Free-spirited Ikaika isn’t concerned about winning the proverbial rat race. He’s living each day happily and fulfilled, documenting moments in time that mean the most to him. Check him out below.
Say hello to Ikaika:
Where are you from? Where have you been?
Born in Hawaii and raised in Truckee, CA (North Lake Tahoe). I went to University of Hawaii at Manoa in Honolulu, HI. I currently reside in Portland, OR. I’ve been to cool places in my life, but I’d like to see Pocatello, Idaho – it’s a legendary spot for photographers to find their style, like a mecca, you know?
What’s your favorite place in the world?
I love Kalihi on Oahu. It’s a rich, diverse place with a ton of culture. I sometimes reminisce of the best days of my life there. I have not taken a photo of this place because of how special it is to me!
What’s on your “bucket list” of ideas to create?
Music videos, corporate-sponsored content, which I cloak as my own for generous amounts of money, and family-friendly dance videos.
How would you describe your visual style?
I try to make it poppin’ and as 3D-ish as possible. Every picture needs to have the same gravity to it as its moment in life. If not, you’re not giving justice to the documentation of time and what it represents.
How do you find your inspiration?
Shortly put, nature. In the trees, the wind, the bees. I find it by looking at the ground, surrounded by nothing but river sounds. Whereas the busy man may love the city, I’d rather sit on a mountain top – oh so pretty.
How did you come up with Tiki?
Tiki is a character in a Crash Bandicoot game – it was my favorite growing up. I still play it to this day – Playstation 1 is one of the most important inventions for my family and I.
Tell us about your career. How did you get into it?
I was shooting at my first concert in Portland and posted one on Instagram. Mike Carson (the live visual director for Big Sean, PARTYNEXTDOOR, Bryson Tiller, and more) saw it and asked me to email him some. I sent them over, and the editor of EYES&EDGE reached out to me and asked if I could start covering live shows for them. Long story short, I’m the Head Photographer for them now, and couldn’t be happier – never be depressed!
What types of photography do you do?
I mainly do music photography at concert festivals. It taught me how to be quick with my gear and really know what I’m doing at a moment’s notice. Low-light action captures are hard in itself, but can you take a legit banger when you only have 3 songs to do it? It’s really really hard to do, even for the most practiced photographer.
I also dabble in food photography of fine dining restaurants. The plating is gorgeous and I appreciate the process that goes into a single plate. When I get the urge, sometimes I’ll go into a restaurant, order a dish or two, take the pictures when it comes out, and just pay and leave. I won’t even eat it! It’s just a love for the complexity of plating.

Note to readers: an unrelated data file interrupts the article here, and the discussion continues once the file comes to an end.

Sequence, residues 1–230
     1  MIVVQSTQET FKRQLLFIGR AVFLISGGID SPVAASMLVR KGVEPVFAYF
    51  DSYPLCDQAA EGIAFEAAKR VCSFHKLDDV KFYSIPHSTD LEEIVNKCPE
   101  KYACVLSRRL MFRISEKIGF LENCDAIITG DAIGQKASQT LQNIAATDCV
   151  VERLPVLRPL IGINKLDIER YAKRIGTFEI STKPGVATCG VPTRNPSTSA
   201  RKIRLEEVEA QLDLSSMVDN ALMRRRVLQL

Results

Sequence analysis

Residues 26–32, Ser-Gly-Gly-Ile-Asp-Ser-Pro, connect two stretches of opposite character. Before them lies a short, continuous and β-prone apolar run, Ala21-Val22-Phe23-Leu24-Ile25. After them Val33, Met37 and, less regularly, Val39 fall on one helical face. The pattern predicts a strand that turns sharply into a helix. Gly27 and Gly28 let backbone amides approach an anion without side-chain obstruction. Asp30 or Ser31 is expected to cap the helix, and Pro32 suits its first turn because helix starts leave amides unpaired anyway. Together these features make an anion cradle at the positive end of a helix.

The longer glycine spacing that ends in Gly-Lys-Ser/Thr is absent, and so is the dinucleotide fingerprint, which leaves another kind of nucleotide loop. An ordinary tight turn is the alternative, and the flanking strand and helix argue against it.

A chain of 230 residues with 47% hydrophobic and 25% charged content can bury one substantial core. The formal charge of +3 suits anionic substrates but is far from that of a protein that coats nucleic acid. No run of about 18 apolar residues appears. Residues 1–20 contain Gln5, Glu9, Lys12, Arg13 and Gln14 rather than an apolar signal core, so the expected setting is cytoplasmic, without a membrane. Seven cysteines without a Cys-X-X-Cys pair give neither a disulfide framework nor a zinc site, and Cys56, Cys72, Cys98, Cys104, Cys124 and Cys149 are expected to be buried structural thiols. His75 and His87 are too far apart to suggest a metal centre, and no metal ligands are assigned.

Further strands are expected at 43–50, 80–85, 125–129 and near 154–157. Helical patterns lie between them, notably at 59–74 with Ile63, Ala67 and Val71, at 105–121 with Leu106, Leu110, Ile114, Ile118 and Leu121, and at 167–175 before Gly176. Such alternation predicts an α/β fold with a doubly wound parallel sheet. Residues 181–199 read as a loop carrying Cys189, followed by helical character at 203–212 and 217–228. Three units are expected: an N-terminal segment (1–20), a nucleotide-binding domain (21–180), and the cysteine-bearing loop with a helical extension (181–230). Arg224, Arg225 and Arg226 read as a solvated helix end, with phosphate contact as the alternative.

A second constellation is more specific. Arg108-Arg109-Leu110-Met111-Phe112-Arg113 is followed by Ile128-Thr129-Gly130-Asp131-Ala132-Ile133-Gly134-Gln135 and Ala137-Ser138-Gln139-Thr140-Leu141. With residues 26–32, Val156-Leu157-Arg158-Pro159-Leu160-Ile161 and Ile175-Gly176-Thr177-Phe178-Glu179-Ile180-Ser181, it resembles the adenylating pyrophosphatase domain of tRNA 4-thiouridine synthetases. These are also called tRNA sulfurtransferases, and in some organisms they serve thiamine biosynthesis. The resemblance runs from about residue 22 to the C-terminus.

What has been your biggest setback as a photographer?
Being broke all the time. Photography is an expensive hobby – definitely leaves no room to party, stay up all night, be overly social, get drunk, and make stupid mistakes.
Photography is competitive. How do you stand out?
By not focusing on the competition. Rat races never make sense, but if you can find satisfaction in what you do, then even your mom doesn’t have to understand why you’re taking pictures as a career.
What is the best thing a model can do to make the most of a photoshoot?
Keep their clothes on. Too many girls are taking advantage of selling their sex, and it’s too easy. Have some respect for yourself, unless you’re shooting with me – in that case, we’re getting those likes for you!
What’s your philosophy when it comes to being a great photographer?
Do what you want to do. No one controls your shooting or editing style. What’s taught in a YouTube lesson isn’t set in stone; flip, rip, dip, and sip that sauce until you make your own!
What’s the most inspiring photo you’ve ever seen?
What photography advice do you wish you had when you were first starting out?
I wish that someone would tell me how to do everything I know, but that’s the learning process. Maybe one day, I’ll write a book of all my little tidbits and tips, for future young versions of me.
What will you be doing five years from now?
Either taking pictures everyday for money or sitting in my parents’ basement.
For anyone that wants to get in touch with Ikaika, here’s some contact information:
Ikaika, thanks for the cheeky interview! 😉
If any artists out there want to collaborate with FStop, don’t hesitate to reach out to us.